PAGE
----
Paulina See is a figurative visual artist whose work revolves around themes of memory, rumination, mental health, and human experience, with particular focus on the emotions of raising children in the absence of a “village”.
Oslo / Norway
Paulina Ree was born in Quito, Ecuador in 1981. She moved to New Jersey, USA at the age of fifteen, and then went on to graduate with a degree in Economics from Boston College in 2006. Paulina then moved to London, United Kingdom to work as a paralegal and studied to earn a Law degree from the College of Law in 2012.
In 2011 she moved to Oslo, Norway where she currently resides with her husband and three daughters. Paulina participated in an artist Critique Group with the Artist Mother Podcast program in 2020, which she is still involved in. Additionally, she attends painting classes on an ongoing basis with Carl-Martin Sandvold at the Oslo Malerklubb – Autumn 2020 until the present.
Paulina is a member of Artist Mums United, Spilt Milk, Artist Mother podcast network and Thrive Artist Network.
"My work revolves around themes of memory, rumination, mental health, and human experience, with particular focus on the emotions of raising children in the absence of a “village.” My work expresses the longing I have for the life I knew growing up. It also explores the ways I am learning to love myself – body and mind – and the ways I am learning to understand both. It is an introspection as much as it is a story of the life I have lived and of those who have been a part of it.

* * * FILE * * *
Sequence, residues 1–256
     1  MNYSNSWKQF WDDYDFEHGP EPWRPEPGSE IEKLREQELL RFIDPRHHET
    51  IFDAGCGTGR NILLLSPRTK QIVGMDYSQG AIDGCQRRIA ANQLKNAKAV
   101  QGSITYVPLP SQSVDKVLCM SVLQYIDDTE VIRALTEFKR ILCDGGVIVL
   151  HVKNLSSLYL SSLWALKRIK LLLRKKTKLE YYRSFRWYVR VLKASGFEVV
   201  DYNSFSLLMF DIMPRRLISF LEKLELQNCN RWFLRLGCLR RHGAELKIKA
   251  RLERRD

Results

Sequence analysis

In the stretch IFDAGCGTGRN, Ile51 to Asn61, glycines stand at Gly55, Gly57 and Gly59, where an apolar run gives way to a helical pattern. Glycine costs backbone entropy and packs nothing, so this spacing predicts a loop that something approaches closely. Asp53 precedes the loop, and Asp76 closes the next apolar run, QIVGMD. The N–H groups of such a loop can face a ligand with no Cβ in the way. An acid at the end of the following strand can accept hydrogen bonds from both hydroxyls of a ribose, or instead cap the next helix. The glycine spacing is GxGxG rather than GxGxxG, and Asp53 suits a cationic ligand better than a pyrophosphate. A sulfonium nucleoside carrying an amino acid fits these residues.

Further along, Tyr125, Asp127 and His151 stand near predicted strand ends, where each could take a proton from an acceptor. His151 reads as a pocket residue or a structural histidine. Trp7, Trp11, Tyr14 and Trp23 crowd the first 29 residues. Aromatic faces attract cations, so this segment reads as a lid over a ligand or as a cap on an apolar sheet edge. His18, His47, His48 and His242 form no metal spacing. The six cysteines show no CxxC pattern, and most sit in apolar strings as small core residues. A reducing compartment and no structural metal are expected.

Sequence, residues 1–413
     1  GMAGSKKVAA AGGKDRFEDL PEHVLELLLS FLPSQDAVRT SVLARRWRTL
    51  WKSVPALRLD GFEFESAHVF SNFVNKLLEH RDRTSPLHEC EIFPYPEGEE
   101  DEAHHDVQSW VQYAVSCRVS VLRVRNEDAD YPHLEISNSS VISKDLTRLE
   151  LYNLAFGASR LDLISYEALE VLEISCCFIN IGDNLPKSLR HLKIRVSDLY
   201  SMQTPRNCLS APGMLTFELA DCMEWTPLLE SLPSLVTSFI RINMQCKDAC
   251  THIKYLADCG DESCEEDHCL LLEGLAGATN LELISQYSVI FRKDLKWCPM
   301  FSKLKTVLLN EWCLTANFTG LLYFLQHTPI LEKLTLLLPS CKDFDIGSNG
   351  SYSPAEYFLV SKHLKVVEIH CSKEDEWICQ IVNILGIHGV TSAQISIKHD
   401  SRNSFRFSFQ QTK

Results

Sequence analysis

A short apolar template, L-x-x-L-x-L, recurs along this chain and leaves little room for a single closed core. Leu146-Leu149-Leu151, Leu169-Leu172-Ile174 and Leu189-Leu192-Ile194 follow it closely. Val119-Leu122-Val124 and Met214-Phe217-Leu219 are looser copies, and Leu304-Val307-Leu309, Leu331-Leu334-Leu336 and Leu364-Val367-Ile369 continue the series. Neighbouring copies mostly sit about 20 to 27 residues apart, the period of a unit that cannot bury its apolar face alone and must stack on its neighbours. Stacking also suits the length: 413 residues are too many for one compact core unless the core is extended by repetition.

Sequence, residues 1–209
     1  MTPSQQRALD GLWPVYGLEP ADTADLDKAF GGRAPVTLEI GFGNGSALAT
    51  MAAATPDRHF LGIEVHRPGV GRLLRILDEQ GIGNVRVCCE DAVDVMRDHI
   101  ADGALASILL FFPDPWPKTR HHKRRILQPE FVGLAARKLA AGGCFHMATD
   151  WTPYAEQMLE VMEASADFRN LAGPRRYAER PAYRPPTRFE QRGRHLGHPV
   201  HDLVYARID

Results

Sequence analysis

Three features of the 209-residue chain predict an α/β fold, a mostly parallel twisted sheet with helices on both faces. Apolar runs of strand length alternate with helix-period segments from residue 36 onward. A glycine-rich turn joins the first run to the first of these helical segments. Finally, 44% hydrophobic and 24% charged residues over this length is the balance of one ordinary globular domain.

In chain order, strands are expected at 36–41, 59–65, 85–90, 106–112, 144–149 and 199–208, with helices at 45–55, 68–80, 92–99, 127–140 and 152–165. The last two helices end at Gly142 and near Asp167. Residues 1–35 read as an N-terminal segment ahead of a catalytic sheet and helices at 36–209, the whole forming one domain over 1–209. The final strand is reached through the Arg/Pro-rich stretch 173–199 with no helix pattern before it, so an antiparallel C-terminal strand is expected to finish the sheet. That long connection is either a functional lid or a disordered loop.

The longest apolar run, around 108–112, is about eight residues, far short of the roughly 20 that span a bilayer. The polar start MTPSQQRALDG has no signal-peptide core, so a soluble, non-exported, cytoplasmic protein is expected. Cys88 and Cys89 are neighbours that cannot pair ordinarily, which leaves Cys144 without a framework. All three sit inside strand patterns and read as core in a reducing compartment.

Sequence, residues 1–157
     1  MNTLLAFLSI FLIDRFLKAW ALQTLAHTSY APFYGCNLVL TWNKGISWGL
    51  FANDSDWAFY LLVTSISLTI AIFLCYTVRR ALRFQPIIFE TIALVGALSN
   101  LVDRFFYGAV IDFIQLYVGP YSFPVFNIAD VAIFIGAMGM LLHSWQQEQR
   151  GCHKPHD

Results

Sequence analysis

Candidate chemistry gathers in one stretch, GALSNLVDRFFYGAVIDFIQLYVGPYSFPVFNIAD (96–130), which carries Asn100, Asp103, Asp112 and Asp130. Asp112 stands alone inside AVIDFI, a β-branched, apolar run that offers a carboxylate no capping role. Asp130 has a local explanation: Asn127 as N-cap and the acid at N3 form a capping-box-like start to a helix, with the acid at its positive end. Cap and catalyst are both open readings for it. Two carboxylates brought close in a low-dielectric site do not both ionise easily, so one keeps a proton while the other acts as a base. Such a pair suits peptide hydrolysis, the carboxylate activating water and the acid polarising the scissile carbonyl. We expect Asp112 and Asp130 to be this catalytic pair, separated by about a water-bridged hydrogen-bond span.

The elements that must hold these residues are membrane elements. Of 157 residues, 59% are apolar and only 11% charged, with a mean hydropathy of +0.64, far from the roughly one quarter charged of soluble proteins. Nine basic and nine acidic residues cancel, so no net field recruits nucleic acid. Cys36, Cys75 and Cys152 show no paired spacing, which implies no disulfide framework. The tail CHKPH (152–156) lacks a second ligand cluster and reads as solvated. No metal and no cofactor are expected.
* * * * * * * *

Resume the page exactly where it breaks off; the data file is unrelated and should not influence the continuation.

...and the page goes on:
Born and raised in Ecuador until I was fifteen years old, I moved to the United States in high school. I trained as an economist and lawyer and kept my passion for art as my outlet for stress relief and self-expression. I looked forward to the day when I would be able to pursue art full-time.
For nearly twenty years, mental health issues held me back from creating art, but recently I returned to my practice as a way of finding resilience. In 2020 I suffered a mental breakdown. To build back my sense of self, and find peace in the present, I turned my attention back to art and I am now mindfully growing my art practice and my work.
I use music and old photographs as my main inspiration. Growing up surrounded by music, my grandfather is a musician and my memories from childhood are filled with singing in family gatherings. I see my life as a rokola, an old style jukebox, music always in the background for the highs and lows of life. I am working on a series titled after well known boleros, a music style popular in my native Ecuador."